Our society depends on private lands for goods, services, and, perhaps most importantly, non-market value products. The Farm Bill provides economic incentives to foster environmental stewardship and conservation on private lands through cost-share, incentive payments, and easements.
Goods And Services
Approximately 77% of cropland, rangeland, pastureland and grassland in the U.S. is privately owned. That’s over 1 billion hectares of land.
This land provides us with
- An abundant, diverse, and inexpensive supply of food
- Livestock forage
- Forest products
- Carbon sequestration
The products grown on private lands stimulate the economy and positively impact the trade imbalance through the export of commodities.
The U.S. produces 630 billion tons of field crops and 71 million tons of hay and livestock forage annually. These items account for 9% of total exports in the U.S.
There are approximately 422 million acres of private forestland in the U.S. These lands provide us with fuel, wood products, and fiber. Private forests provide about 89% of the nation’s timber harvest.
Although these private lands model multiple-use, healthy forests through active management, the challenges to maintaining and improving their health must not be ignored.
Non-market Value Products
Private lands provide many benefits which don’t have a monetary value but upon which we all depend. These include:
- Oxygen production,
- Carbon sequestration,
- Clean air and water,
- Fish and wildlife habitat,
- Biological diversity,
- Recreation, and
- Aesthetic beauty that enriches our lives.
While all of society benefits from these services, the landowner is not usually compensated for them. Landowners bear the costs of land management activities that often have a 50- to 100-year investment time frame.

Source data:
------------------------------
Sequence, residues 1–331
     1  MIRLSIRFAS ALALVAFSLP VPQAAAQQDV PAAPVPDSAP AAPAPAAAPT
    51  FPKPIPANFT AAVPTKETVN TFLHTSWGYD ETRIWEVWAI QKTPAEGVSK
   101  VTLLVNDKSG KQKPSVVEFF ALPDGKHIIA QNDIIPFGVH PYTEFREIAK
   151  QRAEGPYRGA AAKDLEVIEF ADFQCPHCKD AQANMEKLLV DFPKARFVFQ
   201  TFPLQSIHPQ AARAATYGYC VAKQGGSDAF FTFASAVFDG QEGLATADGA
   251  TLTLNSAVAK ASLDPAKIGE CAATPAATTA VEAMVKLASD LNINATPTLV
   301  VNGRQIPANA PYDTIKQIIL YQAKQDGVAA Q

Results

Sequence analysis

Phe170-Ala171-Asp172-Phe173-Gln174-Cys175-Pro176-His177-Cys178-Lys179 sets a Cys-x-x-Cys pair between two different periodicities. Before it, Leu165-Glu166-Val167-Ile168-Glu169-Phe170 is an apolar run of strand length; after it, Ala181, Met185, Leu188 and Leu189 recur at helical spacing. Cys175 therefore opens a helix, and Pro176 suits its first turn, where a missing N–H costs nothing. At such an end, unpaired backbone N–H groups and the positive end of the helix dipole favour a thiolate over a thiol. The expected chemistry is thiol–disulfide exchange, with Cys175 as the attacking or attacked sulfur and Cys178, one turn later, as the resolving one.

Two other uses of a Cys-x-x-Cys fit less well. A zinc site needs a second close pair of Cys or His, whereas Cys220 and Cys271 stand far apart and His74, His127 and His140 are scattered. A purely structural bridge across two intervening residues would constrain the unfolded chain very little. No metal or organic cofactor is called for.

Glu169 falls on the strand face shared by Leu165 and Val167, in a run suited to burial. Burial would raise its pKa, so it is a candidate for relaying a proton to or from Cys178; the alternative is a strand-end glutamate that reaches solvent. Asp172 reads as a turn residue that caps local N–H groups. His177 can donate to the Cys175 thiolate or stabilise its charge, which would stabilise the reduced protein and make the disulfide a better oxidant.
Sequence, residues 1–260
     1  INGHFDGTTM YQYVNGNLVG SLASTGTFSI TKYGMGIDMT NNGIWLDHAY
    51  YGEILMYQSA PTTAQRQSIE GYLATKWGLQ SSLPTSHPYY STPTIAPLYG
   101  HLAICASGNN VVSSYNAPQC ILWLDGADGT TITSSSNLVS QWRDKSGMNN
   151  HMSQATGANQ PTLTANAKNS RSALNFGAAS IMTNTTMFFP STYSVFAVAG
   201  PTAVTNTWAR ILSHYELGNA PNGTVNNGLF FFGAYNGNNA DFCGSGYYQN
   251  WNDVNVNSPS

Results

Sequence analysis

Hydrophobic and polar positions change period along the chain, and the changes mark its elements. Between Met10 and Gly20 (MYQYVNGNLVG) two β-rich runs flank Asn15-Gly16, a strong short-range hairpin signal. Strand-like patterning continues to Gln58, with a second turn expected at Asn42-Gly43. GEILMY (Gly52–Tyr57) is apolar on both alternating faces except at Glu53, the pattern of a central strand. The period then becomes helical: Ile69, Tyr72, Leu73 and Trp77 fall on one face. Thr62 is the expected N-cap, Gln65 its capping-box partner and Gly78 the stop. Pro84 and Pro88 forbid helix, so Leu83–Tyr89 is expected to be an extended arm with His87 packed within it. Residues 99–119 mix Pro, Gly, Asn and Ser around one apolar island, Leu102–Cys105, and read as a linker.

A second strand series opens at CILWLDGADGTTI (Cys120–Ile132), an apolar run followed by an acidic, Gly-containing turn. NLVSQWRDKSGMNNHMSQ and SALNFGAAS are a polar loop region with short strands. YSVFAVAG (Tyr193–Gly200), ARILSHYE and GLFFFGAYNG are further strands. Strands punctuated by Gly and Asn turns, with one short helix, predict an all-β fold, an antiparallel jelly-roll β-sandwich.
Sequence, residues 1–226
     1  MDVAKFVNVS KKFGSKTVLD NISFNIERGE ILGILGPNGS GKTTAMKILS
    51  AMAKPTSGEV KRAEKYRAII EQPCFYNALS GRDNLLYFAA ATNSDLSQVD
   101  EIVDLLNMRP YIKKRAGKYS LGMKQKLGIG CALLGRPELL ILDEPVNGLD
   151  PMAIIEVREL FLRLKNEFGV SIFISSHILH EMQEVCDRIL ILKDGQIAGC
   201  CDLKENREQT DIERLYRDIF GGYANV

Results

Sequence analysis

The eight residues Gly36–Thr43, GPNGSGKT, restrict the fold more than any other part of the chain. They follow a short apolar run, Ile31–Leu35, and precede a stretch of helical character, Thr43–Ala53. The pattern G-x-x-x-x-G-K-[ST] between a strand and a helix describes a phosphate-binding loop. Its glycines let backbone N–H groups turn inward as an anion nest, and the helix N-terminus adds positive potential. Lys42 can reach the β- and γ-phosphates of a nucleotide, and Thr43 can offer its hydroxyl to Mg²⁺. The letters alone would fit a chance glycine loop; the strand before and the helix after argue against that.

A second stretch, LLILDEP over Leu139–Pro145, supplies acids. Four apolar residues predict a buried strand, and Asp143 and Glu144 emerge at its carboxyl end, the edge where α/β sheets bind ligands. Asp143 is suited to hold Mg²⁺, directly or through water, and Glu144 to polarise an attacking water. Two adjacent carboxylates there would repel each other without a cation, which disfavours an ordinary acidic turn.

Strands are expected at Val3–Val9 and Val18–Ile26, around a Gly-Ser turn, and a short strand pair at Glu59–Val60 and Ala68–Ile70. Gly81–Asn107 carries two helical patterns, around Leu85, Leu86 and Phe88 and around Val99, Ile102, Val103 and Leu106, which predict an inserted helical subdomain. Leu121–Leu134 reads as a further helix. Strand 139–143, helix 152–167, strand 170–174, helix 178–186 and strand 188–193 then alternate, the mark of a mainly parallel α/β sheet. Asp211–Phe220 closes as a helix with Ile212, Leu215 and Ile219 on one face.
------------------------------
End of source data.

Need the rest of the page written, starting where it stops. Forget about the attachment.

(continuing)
Landowners can only recover these management costs by selling products, such as timber, carbon credits, cattle, and crops, or selling the land. While only the private landowners invest in the land, we all benefit from the non-market products.
Economic Incentives for Private Landowners
Many owners of small and medium-sized tracts find it difficult, if not impossible, to invest in active and sustainable land management without immediate financial return.
Landowners choose to sell their land for diverse reasons, which may include
- The cost of management,
- The uncertainty of regulations potentially limiting management options, and
- Campaigns, misguided or otherwise, against using particular food and fiber products.
Once sold, these lands are often developed and broken into smaller units that cannot sustain many of the benefits and services society depends on.
The Forest Service has estimated that 400 million acres of land or more could be converted from rural to developed uses by 2050.
Given that we depend on private lands and the risk of these lands being sold and converted for development, Farm Bill programs are vital to conserving private lands and the unpaid services they provide.